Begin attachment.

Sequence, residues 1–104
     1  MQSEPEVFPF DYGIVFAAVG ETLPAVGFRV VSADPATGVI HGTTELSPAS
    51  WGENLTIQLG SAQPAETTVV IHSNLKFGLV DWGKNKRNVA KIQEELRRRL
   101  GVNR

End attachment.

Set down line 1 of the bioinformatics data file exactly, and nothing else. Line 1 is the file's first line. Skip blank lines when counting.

Sequence, residues 1–104